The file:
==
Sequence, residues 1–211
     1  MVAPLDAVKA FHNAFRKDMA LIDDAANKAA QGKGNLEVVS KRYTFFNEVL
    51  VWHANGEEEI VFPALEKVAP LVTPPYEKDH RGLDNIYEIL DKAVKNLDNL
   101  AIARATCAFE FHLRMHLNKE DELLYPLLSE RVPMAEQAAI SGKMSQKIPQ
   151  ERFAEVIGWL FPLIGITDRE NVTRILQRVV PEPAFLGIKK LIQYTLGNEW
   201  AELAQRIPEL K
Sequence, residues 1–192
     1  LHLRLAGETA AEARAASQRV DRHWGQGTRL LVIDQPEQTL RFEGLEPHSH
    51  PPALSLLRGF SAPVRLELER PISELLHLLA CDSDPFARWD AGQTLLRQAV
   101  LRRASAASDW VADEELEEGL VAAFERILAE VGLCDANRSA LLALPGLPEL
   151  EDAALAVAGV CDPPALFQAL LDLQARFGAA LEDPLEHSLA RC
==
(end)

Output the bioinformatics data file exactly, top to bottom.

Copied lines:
Sequence, residues 1–211
     1  MVAPLDAVKA FHNAFRKDMA LIDDAANKAA QGKGNLEVVS KRYTFFNEVL
    51  VWHANGEEEI VFPALEKVAP LVTPPYEKDH RGLDNIYEIL DKAVKNLDNL
   101  AIARATCAFE FHLRMHLNKE DELLYPLLSE RVPMAEQAAI SGKMSQKIPQ
   151  ERFAEVIGWL FPLIGITDRE NVTRILQRVV PEPAFLGIKK LIQYTLGNEW
   201  AELAQRIPEL K
Sequence, residues 1–192
     1  LHLRLAGETA AEARAASQRV DRHWGQGTRL LVIDQPEQTL RFEGLEPHSH
    51  PPALSLLRGF SAPVRLELER PISELLHLLA CDSDPFARWD AGQTLLRQAV
   101  LRRASAASDW VADEELEEGL VAAFERILAE VGLCDANRSA LLALPGLPEL
   151  EDAALAVAGV CDPPALFQAL LDLQARFGAA LEDPLEHSLA RC